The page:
Introduction: Elevated Dual Barrel Rainwater Collection System

Picture of Elevated Dual Barrel Rainwater Collection System

 

Step 1: Acquire the Barrels

Picture of Acquire the Barrels

I shopped Craigslist and got lucky - found a guy that lived close to me who liberated them from his workplace - $15 each. One had peaches the other apricots - my yard has a new aroma. 

Step 2: Barrel Orientation

Picture of Barrel Orientation

Since these were "closed lid" barrels I decided to go with an upside down setup for several reasons.
My thinking was that I just didn't trust the thickness of the sidewall for a tap in connection since I wouldn't be able to thread a nut on the backside, so I went with a connection into the bung plug, thus needed an upside down orientation.
This provides for the barrel to be completely emptied, unlike most with a side spiggot -  but also required me to build the base platform to elevate them slightly for the plumbing. 

Since they store on a second story I had no issues of elevation to accommodate a watering can either so the base was fairly routine to build as opposed to one 2' tall. 

Step 3: Platform/Base

Picture of Platform/Base

The barrels measure 23" around so a precut 2' X 4' of pressure treated 3/4" plywood was used as the base with 8 2-1/2" 4 X 4's scattered around underneath as feet.  I Painted with deck paint for extended durability.

Step 4: Downspout Gutter Connection

Picture of Downspout Gutter Connection

I removed about 5' of the existing downspout and reconfigured the angle with a new piece to aim it toward the barrel instead.  I then used a piece of flex-gutter for the final connection to the barrel.

Step 5: Barrel Input Connection

Picture of Barrel Input Connection

The cotter pins, wire, & wire tie hold the flex tube into the mouth of the filter - in case a heavy ran might try and disloge it from the filter due to back-pressure.

Step 6: Intake Filter

Picture of Intake Filter

The filter is compised of a gutter-to-PVC 4" converter into the green 4" diffuser which is actually upside down in this application so I am using it as a strainer instead for form.  Inside the strainer goes the pipe sock designed to strain sediment from corrugated pipe used in tile applications.  I cut about a 12" length of sock, and tied a knot in one end and rubber banded it around the outside of the converter.  My gutters are screened so not much gets in other than smaller particulate. 

Step 7: Intake Filter Install

Picture of Intake Filter Install

 A 4-1/2" hole saw and a little pneumatic grinding opened up a hole for a nice snug fit around the PVC adapter and the squared corners keep it from falling into the barrel.  The green strainer keeps the weight of the water and debris from pulling the sock down and away. 

Step 8: Manifold System

Picture of Manifold System

The 3/4" PVC piping pulls double duty - 1) it transfers water between barrels (as the left one fills the right one seeks the same level) (Assuming both valves open) 2) It delivers the water from both barrels to the hose for watering.  The Union allows for easy winter tear down  - otherwise you would need to move both barrels together which would weaken the manifold fittings.

Connections: The 3/4" PVC runs into a threaded fitting then into the bung plug (Pre-threaded) but you will have to drill through the bung with a 7/8" spade bit, careful not to damage the threads.  I used teflon tape & pipe dope on these 2 connections (Bung plug / Barrel & the 3/4" threaded fitting / bung plug - (DO NOT EPOXY) You will need some rotation play in the pipe once you tighten the bung plug you will need to orient the pipe out to the front of the barrels.  If you epoxied the connection between the fitting & bung it is unlikely your pipe will be in the exact position needed.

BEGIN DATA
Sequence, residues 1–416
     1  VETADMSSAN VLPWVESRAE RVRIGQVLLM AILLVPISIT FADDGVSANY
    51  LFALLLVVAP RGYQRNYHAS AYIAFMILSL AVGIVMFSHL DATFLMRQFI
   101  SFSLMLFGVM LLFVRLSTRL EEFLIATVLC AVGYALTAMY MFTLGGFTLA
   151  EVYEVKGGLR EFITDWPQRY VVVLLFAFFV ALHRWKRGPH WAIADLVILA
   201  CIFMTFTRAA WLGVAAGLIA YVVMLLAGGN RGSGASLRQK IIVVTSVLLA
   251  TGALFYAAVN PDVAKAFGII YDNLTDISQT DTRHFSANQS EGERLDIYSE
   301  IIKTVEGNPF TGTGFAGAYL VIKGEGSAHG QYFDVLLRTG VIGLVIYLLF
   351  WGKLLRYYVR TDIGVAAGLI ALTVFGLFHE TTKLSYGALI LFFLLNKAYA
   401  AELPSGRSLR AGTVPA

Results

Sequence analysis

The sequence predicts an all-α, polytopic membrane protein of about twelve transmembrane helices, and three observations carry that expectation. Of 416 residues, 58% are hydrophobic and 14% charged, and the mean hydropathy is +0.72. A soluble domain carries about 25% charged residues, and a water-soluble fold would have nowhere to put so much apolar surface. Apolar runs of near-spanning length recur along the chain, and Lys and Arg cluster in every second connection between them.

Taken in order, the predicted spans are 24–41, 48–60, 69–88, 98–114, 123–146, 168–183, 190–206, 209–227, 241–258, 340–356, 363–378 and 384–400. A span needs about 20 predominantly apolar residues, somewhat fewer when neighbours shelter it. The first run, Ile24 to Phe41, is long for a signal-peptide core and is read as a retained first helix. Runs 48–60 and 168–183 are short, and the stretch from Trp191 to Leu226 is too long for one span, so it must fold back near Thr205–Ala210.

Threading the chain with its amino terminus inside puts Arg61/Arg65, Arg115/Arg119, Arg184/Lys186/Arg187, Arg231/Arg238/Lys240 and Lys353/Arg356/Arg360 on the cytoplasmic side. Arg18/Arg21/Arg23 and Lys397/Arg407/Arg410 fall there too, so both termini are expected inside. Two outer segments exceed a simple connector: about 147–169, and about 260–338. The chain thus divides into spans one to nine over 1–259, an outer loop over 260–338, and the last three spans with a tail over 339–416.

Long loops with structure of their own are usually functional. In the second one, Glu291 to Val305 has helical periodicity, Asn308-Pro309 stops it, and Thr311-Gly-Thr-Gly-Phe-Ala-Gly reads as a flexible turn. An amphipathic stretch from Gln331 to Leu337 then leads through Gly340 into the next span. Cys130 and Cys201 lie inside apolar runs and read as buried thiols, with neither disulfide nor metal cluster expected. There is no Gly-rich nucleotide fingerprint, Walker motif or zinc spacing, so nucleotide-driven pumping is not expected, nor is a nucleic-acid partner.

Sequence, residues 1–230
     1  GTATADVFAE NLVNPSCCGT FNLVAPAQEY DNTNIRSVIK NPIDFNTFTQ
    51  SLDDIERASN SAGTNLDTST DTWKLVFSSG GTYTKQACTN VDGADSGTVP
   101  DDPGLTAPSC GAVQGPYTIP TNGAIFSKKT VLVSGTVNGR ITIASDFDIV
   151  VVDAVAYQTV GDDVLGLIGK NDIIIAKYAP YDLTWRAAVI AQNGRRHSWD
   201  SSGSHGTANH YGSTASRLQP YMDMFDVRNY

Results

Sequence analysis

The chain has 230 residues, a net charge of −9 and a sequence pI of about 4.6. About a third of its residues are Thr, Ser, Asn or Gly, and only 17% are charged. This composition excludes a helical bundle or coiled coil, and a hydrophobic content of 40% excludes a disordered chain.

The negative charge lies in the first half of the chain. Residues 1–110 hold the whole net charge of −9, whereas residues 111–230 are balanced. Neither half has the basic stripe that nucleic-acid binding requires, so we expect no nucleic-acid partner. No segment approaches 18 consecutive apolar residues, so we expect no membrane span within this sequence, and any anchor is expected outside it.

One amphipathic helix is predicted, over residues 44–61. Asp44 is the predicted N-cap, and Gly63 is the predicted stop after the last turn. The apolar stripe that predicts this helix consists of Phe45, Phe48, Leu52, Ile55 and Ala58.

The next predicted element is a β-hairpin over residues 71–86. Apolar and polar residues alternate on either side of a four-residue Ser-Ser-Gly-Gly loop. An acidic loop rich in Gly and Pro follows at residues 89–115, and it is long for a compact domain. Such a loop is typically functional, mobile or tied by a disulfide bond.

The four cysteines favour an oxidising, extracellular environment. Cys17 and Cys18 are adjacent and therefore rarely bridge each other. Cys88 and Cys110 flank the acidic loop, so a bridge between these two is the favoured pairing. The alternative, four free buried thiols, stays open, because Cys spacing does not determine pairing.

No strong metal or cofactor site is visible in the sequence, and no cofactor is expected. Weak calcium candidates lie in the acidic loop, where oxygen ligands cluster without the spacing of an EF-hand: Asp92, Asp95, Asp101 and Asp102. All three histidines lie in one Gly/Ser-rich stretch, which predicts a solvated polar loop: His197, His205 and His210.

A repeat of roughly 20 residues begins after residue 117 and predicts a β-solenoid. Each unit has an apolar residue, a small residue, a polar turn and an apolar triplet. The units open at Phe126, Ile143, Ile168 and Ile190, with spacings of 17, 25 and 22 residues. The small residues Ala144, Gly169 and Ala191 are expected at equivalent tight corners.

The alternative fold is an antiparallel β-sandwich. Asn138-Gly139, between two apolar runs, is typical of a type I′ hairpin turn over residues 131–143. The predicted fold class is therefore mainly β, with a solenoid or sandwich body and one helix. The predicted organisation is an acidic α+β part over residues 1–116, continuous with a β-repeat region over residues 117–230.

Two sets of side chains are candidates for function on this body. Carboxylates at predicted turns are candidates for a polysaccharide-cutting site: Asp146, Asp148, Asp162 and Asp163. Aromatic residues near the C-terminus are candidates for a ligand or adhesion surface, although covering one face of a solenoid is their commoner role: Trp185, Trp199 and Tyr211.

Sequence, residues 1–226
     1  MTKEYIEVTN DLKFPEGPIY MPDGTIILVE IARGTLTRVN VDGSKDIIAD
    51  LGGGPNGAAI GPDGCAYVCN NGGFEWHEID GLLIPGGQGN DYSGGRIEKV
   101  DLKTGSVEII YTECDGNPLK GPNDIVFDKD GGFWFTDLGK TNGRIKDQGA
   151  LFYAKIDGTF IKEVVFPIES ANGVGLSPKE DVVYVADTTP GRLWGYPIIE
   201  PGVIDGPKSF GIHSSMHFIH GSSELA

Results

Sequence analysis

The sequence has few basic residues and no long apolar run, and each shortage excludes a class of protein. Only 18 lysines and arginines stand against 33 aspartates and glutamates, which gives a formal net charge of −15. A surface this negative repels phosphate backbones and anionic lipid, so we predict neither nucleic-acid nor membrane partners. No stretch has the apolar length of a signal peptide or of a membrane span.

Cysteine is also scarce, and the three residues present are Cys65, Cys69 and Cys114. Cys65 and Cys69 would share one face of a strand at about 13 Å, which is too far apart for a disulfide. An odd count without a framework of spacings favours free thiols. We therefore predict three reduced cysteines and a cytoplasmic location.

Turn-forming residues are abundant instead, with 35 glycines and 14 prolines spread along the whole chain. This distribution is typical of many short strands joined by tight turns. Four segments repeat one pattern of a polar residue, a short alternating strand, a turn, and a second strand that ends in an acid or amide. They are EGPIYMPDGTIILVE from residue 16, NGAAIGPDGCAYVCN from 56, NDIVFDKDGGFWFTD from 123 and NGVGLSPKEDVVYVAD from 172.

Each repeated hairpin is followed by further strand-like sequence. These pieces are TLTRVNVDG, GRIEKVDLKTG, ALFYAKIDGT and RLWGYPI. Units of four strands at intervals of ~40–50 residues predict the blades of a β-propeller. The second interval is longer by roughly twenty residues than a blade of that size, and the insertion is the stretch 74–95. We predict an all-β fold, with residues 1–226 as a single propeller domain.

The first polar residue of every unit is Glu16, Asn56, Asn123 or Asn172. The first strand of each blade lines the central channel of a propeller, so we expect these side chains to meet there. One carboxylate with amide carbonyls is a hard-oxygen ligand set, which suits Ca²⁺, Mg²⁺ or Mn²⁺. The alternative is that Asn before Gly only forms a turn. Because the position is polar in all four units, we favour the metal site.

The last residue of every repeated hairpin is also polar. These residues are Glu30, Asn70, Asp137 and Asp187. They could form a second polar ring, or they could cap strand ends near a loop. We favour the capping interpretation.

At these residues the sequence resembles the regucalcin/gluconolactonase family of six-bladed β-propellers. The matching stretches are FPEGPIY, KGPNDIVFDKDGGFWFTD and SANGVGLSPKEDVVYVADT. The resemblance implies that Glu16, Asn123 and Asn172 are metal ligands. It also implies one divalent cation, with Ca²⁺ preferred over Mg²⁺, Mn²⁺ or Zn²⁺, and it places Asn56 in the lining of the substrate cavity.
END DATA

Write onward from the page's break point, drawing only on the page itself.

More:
The dual ball valves allow some selectivity if you want to isolate water in one barrel or another - but for the most part they remain open to work as a unified system.  

Lastly the brass male hose adapter at the end of the pipe, connects the hose and runs down to a an inline shut off at the end.  This allows the user to access the water anytime without having to go upstairs to turn anything on.


Step 9: Venting

Picture of Venting

Again double duty - The vent pushes air out when filling (the second (right) barrel) & lets air in for a better head when draining.  In order to get the max flow (head) you need a vent on the barrels.  The first barrel vents back through the gutter input but the second one had no opening in this setup. 

I modified a 2" threaded PVC adapter and a double layer of vinyl screen.  
Cut 2 4X4" square pieces of screen then crisscross the pattern.  Then lightly grind down a piece of 2" pipe about 3/4"  from the end (width of the grinding wheel) then cut off that 3/4" piece at the end to become the hollow plug which holds the screen into place - Cut off the excess screen with a razor knife, and thread it into a 2-1/2" hole cut into the top of the barrel. 

Step 10: Overflow Components

Picture of Overflow Components

There is a few second delay on the barrel equalization so you need to place the overflow on the first fill barrel (left) not the second or you will have water spewing from the top of the filter in a heavy downpour that overloads the capacity.  

I used a 1" spade bit for the hole - then used a 1" hose barb / 3/4" threaded adapter to make the barrel connection.  I also threaded the PVC elbow  on inside the barrel to act as a nut.

Step 11: Overflow

Picture of Overflow

In the case of a heavy rain you have to plan for a situation that you fill the barrels to capacity.
Note the 1" overflow hose which should be able to handle the capacity as it runs into the remaining downspout that used to handle this gutter that now feeds the system. 

Comments

traviswolf (author)2016-07-29

Thanks for this build. I acquired my barrels (same as yours) a couple months ago but have been procrastinating over different plans. This one is simple and straight forward. I wouldn't have thought to flip the barrels upside down, but I like that much better.